The information text for some resources was also very, very limited and tough to decipher. This sometimes made me feel like it was lacking “polish” – even for a free resource.
Flexibility – 4
PCGen has a really strong community of users creating custom content for it that is free on the web. I had no trouble finding just about every resource I would have wanted to find – though the Star Wars D6 and Deadlands resources I found weren’t the best by any means (The Star Wars one didn’t seem to work right) – at least they were there! Still, it is limited in what it can produce and customizing your own is very, very tedious process so I deducted a point for not having my favorite system (WEGD6) in a usable format that I could find.
Overall, a very flexible product that was – once I got over the steep learning curve – very fun to tinker around on. And it worked on Linux – which was a big bonus over Herolab.
Spreadsheet – 9-12 Points (depending on which one you get)
Though I used a very specific sheet for this test, I reviewed it as a representation of any home-built or internet-found spreadsheet character creator. I’ve built them in Word, Excel, Open Office Writer, Visual Basic (in High School), and even with old-school note-pad and they’re all about the same. The sheet I tested did have drop-downs for many of the entries which made it better than anything I’ve built outside of my Visual Basic days of World of Darkness. Overall, spreadsheet character creators are – in my opinion – too often overlooked by players. At the end of the day they make a very playable sheet – but they require more legwork on your part.
Playability – 4
Spreadsheets have a bit of an advantage here in that they are built specifically for the game you’re playing in most cases. They’re customization to an extent (if you know Excel) and the end product is a very usable character sheet if it is done right. Of course it loses a point for not having pre-built info-text on the screen (unless you put it there, usually) but that’s not that big a deal, really. I think I speak for everyone at Thirdwalling when I say we’ve been using Spreadsheets since our early days of gaming – and they just work.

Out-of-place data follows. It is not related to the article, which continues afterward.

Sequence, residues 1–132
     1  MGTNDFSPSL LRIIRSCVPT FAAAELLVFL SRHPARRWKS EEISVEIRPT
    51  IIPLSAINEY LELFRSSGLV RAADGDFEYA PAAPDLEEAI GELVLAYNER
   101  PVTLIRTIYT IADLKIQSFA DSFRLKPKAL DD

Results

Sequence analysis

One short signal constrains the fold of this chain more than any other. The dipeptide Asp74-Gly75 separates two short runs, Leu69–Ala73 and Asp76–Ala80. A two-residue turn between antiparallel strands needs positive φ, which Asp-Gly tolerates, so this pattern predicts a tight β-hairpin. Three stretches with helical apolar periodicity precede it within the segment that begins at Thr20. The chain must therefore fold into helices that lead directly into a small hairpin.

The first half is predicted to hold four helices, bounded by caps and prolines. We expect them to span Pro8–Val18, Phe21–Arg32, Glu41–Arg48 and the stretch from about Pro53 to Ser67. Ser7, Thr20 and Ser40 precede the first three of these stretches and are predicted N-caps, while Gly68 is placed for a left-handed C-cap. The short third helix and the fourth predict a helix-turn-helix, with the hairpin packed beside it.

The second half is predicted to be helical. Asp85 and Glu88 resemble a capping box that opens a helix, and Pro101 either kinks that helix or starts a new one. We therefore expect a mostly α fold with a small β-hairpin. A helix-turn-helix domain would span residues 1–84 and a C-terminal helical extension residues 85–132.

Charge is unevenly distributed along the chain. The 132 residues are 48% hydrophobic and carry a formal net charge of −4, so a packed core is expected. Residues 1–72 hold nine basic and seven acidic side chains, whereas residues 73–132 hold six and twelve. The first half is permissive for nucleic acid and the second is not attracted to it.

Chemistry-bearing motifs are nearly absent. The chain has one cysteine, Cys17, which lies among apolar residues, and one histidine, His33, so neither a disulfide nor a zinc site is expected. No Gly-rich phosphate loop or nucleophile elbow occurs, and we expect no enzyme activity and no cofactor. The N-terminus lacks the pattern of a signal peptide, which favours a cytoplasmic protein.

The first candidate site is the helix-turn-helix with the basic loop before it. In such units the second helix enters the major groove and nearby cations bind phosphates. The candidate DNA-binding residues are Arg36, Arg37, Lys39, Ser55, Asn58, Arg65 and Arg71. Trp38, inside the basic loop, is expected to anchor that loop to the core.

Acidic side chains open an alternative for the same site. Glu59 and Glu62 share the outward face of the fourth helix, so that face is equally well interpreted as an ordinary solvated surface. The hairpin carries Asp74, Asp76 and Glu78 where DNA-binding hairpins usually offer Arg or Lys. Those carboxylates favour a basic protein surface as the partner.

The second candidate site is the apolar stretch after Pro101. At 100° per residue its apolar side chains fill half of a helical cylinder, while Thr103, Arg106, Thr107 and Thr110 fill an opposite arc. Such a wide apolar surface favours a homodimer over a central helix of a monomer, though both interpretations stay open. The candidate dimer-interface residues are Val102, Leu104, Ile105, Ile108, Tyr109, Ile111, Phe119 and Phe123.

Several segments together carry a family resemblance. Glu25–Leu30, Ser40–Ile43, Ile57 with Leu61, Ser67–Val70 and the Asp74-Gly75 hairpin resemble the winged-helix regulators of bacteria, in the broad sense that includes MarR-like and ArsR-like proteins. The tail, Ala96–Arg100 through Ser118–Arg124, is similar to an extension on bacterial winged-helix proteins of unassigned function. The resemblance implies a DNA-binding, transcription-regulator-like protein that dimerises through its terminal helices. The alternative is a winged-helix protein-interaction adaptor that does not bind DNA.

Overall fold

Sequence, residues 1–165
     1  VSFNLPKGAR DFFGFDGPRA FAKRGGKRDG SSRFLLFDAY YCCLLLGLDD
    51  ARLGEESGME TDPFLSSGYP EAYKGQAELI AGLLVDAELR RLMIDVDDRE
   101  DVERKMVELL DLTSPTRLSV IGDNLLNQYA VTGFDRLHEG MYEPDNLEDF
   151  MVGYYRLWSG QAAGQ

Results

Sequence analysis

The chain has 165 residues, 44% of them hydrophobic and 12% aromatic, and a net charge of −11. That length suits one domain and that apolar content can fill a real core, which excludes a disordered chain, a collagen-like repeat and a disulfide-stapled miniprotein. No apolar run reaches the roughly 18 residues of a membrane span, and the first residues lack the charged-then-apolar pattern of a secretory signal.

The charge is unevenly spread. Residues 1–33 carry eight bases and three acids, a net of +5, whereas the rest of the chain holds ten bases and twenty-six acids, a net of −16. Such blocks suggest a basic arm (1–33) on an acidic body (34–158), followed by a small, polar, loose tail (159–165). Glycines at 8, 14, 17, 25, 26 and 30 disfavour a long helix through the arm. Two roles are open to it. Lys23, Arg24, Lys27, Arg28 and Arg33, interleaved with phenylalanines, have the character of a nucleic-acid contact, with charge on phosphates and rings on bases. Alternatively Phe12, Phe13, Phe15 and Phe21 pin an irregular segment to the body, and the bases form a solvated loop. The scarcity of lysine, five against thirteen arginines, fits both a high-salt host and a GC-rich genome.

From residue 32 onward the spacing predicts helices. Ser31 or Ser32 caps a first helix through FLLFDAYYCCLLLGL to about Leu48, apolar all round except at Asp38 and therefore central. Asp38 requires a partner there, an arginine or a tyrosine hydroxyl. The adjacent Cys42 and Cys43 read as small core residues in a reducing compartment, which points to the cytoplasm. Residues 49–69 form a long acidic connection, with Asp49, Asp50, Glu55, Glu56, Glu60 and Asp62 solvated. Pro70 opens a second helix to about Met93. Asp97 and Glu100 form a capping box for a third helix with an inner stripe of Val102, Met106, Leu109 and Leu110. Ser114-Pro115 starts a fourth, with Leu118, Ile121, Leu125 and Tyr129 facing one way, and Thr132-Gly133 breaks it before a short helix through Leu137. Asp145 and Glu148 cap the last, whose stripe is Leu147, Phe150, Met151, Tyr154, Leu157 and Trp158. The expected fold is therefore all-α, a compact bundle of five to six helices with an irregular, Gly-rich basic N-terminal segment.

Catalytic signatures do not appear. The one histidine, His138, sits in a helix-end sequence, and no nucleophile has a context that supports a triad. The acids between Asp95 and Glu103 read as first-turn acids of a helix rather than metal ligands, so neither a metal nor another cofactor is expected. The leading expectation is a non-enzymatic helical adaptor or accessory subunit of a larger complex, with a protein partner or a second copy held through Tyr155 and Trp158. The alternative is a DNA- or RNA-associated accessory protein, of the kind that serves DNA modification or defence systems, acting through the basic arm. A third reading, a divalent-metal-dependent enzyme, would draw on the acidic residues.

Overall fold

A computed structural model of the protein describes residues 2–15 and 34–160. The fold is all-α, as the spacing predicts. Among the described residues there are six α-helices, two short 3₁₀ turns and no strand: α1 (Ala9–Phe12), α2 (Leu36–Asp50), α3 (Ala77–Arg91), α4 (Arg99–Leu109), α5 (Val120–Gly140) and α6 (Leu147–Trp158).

Usability – 4
Cost is right – they’re usually free for the taking on a quick Google search. They’re easy enough to use – though I subtracted a point for the fact that (unlike the more advanced builders) they actually require you to own the sourcebook to know what skills to apply. This makes leveling at home when the DM is the only one with a Core Rulebook somewhat tedious.
Flexibility – 1-4
The flexibility of the spreadsheet really depends on what you’re judging it on. One individual spreadsheet is not very flexible – my D6 Star Wars sheet isn’t going to do you much good if you’re playing Deadlands – but I haven’t been able to find a game yet that didn’t have some fan-created spreadsheet floating around online.
Parting thoughts: If you’re using a system that can be found in Hero Lab or PCGen – use that software to generate a .pdf character sheet and store it on the Cloud. PCGen was the favorite of The Ginger and I, though The Fez is very vocally in favor of Hero Lab. For the more obscure games or if you just want to keep things simple – there’s absolutely nothing wrong with finding (or making!) an Excel character creator and building it that way. All of these are great options that – after this research – will certainly have a place at my future gaming tables.
Have something to add? Questions? Take it to the comments.
– Bob Thirdwaller